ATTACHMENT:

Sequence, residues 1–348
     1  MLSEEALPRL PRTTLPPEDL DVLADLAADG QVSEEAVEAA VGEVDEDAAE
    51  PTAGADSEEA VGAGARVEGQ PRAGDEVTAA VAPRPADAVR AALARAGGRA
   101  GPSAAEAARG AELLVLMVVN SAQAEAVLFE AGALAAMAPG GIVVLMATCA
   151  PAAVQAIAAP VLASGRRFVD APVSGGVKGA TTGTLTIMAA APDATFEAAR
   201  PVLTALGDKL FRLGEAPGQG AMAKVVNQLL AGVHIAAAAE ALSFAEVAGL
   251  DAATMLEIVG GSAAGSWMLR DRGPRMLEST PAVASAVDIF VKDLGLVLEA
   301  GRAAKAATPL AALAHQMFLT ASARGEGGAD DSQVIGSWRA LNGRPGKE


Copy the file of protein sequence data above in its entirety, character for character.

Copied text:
Sequence, residues 1–348
     1  MLSEEALPRL PRTTLPPEDL DVLADLAADG QVSEEAVEAA VGEVDEDAAE
    51  PTAGADSEEA VGAGARVEGQ PRAGDEVTAA VAPRPADAVR AALARAGGRA
   101  GPSAAEAARG AELLVLMVVN SAQAEAVLFE AGALAAMAPG GIVVLMATCA
   151  PAAVQAIAAP VLASGRRFVD APVSGGVKGA TTGTLTIMAA APDATFEAAR
   201  PVLTALGDKL FRLGEAPGQG AMAKVVNQLL AGVHIAAAAE ALSFAEVAGL
   251  DAATMLEIVG GSAAGSWMLR DRGPRMLEST PAVASAVDIF VKDLGLVLEA
   301  GRAAKAATPL AALAHQMFLT ASARGEGGAD DSQVIGSWRA LNGRPGKE